And now that George Lucas has stepped down from his wobbly director’s chair, boy does the action sing. From the get-go there’s much more movement clarity and geographical precision in the flying battles: You can actually tell who’s in which ship, what exactly they’re doing, and what direction the lasers are firing (from which cannon), which is invaluable fuel to get your heart pumping. And when the film’s climactic light saber battle arrives, all caution is thrown to the wind. It’s a glorious sequence, a broadly expansive bit of light-show combat through the steam-filled underbelly of Bespen that is the single most visually striking scene in the entire trilogy, making expert use of color, light, and the camera in addition to its groundbreaking effects, something the films so frequently forget to do.

Behold.

So, there you have it. The Empire Strikes Back polishes the gem that was Star Wars into a dazzling sparkle of adventure cinema. It builds on that already iconic universe (as does John Williams with his score, heaping even more bombastic themes into the mix) and bestows it with actual filmmaking skill in addition to fine technical craftsmanship.

Unfortunately, this comes at the expense of the already weak characters. They drift aimlessly though the beautifully environs of this movie, hardly even trying to glom onto a morsel of an arc or – heaven forbid – a sustained conflict. And Mark Hamill slips to the back of the acting pack with an explosive overreaction in an iconic moment. Don’t pretend you don’t know what I’m talking about. Luckily Yoda is a solid clean-up hitter, bringing an indelible Frank Oz energy that makes the Hamill scenes not only watchable but incredibly fun.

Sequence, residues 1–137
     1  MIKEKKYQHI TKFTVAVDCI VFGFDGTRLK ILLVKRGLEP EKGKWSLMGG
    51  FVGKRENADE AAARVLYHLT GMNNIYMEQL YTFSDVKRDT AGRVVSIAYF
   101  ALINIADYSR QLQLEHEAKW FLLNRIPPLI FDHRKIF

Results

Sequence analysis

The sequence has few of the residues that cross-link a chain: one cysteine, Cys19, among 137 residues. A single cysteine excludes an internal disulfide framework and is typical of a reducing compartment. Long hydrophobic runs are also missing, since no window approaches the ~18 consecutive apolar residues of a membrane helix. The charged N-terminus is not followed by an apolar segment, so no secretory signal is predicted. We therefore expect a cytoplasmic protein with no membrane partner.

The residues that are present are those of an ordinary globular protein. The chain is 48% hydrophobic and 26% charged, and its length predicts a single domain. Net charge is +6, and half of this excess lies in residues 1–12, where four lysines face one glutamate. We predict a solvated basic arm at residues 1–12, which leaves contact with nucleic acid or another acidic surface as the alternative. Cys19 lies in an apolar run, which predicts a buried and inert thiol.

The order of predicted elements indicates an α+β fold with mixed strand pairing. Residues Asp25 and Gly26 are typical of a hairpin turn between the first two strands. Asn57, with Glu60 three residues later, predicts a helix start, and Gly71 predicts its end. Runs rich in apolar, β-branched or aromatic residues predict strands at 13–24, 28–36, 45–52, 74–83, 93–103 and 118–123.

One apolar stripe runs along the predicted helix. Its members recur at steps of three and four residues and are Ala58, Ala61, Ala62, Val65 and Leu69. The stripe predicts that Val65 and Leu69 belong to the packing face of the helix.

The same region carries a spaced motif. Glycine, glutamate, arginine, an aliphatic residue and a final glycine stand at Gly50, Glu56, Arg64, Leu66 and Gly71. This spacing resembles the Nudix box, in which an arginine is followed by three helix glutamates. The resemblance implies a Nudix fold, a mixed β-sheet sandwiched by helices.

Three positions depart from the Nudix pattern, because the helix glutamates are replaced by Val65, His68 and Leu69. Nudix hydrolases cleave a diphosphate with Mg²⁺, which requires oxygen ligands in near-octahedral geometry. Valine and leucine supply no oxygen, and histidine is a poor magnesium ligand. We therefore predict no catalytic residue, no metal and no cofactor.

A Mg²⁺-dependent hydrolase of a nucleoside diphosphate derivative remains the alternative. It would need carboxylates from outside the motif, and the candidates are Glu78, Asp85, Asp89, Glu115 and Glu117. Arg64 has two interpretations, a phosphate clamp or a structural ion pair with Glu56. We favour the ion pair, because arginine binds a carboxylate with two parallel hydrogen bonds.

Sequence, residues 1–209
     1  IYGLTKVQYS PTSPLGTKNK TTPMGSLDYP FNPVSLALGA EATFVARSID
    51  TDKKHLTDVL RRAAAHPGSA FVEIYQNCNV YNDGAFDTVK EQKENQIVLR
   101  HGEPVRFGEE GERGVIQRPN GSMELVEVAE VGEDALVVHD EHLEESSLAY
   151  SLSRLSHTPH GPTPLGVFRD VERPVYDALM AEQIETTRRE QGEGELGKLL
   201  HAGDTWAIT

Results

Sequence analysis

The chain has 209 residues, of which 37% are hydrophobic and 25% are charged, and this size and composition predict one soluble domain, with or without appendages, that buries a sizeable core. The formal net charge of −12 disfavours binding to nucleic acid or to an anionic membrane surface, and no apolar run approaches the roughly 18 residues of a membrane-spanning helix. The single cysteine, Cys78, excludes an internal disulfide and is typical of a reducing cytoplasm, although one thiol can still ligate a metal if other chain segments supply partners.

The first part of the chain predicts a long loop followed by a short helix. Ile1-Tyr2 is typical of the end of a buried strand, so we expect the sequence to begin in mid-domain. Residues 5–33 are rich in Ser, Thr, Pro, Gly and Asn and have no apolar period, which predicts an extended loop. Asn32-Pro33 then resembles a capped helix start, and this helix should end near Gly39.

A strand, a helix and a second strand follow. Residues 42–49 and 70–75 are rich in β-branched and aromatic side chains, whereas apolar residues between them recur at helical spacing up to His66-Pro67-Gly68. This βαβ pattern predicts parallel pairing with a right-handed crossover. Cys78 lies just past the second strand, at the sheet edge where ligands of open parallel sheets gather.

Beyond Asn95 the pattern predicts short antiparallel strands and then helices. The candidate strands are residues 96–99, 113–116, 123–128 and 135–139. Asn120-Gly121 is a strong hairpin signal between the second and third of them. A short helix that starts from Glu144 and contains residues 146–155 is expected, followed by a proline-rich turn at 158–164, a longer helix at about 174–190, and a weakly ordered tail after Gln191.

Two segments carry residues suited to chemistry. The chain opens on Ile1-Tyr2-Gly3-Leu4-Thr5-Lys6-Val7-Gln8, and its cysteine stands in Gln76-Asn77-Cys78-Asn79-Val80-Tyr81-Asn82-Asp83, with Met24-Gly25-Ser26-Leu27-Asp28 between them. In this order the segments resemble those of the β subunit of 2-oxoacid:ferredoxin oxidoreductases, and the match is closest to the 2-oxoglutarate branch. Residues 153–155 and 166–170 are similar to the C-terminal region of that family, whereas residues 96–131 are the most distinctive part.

So, is Empire Strikes Back better than Star Wars? In many quadrants, it’s an unequivocal improvement. But in just as many, it doesn’t capture quite the same scrappy magic. For me personally, it’s still a toss-up, but a good one. Both are incredible works of blockbuster filmmaking that I’m grateful have brought so much joy to so many people around the world.

TL;DR: Star Wars Episode V: The Empire Strikes Back is a bigger, not necessarily better, but equally impressive sequel.
Rating: 8/10
Word Count: 1062
Reviews In This Series
Star Wars (Lucas, 1977)
Star Wars Episode V: The Empire Strikes Back (Kershner, 1980)
Star Wars Episode VII: The Force Awakens (Abrams, 2015)
Rogue One: A Star Wars Story (Edwards, 2016)

3 comments:

  1. You know, Empire isn't even my favorite--I'm one of those absolute weirdos whose favorite is Jedi--but Empire is maybe the lynchpin of the trilogy, which (of course) is pretty much the cinematic foundational text for just about anybody my age. So it's impossible to say with any objectivity or sense of proportion whether Star Wars or Jedi are the same kind of 10/10 super-classics I think they are without Empire: its quality improves both the film that succeeds it, and its predecessor. And how many first sequels can say that?

    I'm kind of surprised you think some of the effects work doesn't hold up; that might be a matter of taste, since obviously a lot of it isn't "realistic." But compared to Star Wars (which I think is way more ramshackle than its revolutionary reputation suggests), Empire is one of the first VFX-driven action spectacles where I'd say there's not a dime's worth of difference in general technical quality between it and the most expensive movies of the present day, and of course it tends to be way more charming. (And the Yoda puppetting? Better than any CGI mocap character I can name. Though I suppose all he does is walk around and condescend, so maybe that's not a fair comparison.)

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    1. I'm in no way saying Empire isn't a massive technical achievement, but the Taun Tauns especially are some ROUGH puppetry. I just think due to its massive scale, some of its seams are a little more blown up and obvious, which is hardly a bad thing,

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    2. And of COURSE Jedi is your favorite, you madman. Prepare to be mildly disappointed by my upcoming review.